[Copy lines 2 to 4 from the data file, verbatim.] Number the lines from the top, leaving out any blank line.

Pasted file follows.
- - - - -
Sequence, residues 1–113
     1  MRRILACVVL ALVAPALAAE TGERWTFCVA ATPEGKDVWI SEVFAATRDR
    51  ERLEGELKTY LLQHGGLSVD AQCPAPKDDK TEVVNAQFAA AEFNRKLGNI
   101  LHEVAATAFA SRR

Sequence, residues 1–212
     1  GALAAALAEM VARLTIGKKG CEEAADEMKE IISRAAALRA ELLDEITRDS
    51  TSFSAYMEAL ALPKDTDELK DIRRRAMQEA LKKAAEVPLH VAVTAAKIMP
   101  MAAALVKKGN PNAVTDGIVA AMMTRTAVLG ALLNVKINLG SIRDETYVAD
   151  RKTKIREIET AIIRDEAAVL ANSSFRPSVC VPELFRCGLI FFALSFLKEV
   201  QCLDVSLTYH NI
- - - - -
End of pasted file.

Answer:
     1  MRRILACVVL ALVAPALAAE TGERWTFCVA ATPEGKDVWI SEVFAATRDR
    51  ERLEGELKTY LLQHGGLSVD AQCPAPKDDK TEVVNAQFAA AEFNRKLGNI
   101  LHEVAATAFA SRR